According to official statistics, virtually
all adult residents of Tajikistan can read and write,
but many are believed to be illiterate. The level of
education dropped sharply during the civil war in the
1990s, but now almost all children complete the nine
years to which compulsory schooling applies.
The compulsory schooling begins at the age of seven.
The compulsory school, which is free of charge, consists
of a four-year and a five-year stage. Among those who
drop out early are more girls than boys.
Allcitypopulation: Offers a list of biggest cities in the state of
Tajikistan, including the capital city which hosts major colleges and
Country facts of Tajikistan, including geography profile, population statistics, and business data.
Almost every tenth child goes to preschool. The high
school is two years old. There are both vocational and
university preparatory courses.
The quality of teaching is often low. One fifth of
the school buildings were destroyed during the civil war
and many school premises are still in poor condition.
Often there are no proper classrooms, electricity and
drains. There is a shortage of books and other school
Many Russian teachers left the country in the 1990s,
which led to an acute teacher shortage that has not yet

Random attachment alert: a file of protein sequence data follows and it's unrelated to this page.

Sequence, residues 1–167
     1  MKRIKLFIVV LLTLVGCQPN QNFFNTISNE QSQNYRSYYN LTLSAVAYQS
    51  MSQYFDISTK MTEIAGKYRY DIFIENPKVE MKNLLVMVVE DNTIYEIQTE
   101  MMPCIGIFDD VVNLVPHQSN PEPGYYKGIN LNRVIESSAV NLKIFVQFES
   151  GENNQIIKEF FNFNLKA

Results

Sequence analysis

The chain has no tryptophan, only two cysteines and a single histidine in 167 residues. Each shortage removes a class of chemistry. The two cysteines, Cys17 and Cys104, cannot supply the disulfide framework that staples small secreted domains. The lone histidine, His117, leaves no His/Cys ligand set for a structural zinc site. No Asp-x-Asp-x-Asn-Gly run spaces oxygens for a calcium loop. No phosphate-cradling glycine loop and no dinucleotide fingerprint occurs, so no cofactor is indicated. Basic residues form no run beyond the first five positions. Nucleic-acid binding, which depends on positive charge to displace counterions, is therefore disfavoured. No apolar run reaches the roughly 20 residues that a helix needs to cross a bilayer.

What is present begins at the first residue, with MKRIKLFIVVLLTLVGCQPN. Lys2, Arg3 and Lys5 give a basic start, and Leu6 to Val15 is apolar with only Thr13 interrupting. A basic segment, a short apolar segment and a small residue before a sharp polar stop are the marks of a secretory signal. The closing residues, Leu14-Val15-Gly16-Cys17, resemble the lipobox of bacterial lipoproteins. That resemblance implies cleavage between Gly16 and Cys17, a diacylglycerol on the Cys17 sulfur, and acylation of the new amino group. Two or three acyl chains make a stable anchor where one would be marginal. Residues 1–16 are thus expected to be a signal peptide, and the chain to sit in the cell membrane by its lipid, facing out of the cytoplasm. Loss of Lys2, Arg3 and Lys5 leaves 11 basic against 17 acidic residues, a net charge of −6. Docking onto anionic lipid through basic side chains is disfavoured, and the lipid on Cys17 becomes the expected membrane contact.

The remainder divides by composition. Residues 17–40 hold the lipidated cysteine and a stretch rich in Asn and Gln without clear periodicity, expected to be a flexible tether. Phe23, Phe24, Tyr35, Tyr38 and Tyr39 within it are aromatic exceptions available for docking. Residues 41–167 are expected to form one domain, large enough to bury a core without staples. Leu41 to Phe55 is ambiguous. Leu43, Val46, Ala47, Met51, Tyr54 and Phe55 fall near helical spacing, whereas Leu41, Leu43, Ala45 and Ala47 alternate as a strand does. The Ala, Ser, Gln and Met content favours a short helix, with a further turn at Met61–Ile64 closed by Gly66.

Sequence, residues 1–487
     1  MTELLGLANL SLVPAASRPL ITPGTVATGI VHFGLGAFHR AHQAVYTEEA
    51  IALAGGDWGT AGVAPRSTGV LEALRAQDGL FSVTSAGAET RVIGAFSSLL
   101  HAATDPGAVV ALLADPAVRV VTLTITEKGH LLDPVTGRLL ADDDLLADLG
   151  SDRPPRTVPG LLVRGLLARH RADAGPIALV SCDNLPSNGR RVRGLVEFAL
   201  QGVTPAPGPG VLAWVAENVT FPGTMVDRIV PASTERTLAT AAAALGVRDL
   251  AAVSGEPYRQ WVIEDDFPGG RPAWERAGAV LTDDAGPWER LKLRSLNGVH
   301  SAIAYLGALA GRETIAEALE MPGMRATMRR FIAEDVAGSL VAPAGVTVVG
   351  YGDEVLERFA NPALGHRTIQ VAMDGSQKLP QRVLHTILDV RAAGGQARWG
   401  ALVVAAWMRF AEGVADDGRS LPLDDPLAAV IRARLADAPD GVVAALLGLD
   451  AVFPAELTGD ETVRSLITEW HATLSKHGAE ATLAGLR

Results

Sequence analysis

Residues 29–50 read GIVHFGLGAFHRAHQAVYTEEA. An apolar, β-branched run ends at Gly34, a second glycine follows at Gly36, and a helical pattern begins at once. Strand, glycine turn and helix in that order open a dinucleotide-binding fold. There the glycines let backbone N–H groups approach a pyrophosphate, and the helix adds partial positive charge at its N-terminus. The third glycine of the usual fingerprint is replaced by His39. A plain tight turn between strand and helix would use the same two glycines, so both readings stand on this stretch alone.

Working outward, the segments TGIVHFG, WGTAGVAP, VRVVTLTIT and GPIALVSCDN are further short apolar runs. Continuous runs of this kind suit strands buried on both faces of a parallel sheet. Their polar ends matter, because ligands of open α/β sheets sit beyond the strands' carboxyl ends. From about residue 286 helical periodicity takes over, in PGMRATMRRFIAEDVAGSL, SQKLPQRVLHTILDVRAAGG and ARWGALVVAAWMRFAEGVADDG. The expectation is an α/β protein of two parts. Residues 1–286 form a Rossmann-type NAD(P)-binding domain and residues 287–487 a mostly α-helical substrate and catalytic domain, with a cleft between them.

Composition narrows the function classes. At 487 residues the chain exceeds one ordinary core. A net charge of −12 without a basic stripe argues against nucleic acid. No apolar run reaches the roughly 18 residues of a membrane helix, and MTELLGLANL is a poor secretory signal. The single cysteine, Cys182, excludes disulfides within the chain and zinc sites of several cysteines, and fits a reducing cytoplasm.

been fully resolved. The teachers who are present have
difficulty coping with the low wages and often have to
do other work alongside. Many qualified teachers are
In the capital Dushanbe there has been a Tajik
university since 1948 and since 1997 also a joint
Russian-Tajik Slav university. The Central Asian
University is a collaborative project between
Tajikistan, Kazakhstan and Kyrgyzstan, founded in 2000.
In addition, there are more than 30 other universities.
About 40 percent of college students are women.
Even before Tajik became official language in 1989, a
majority of the students were taught in this language.
There are also schools with teaching in Uzbek and other
languages. After 1989, all children must read Tajik from
the first class and greater emphasis is placed on
courses in Tajik literature, including classical Persian
literature. Since 2003, all children in Tajikistan must
re-read Russian in school.
FACTS - EDUCATION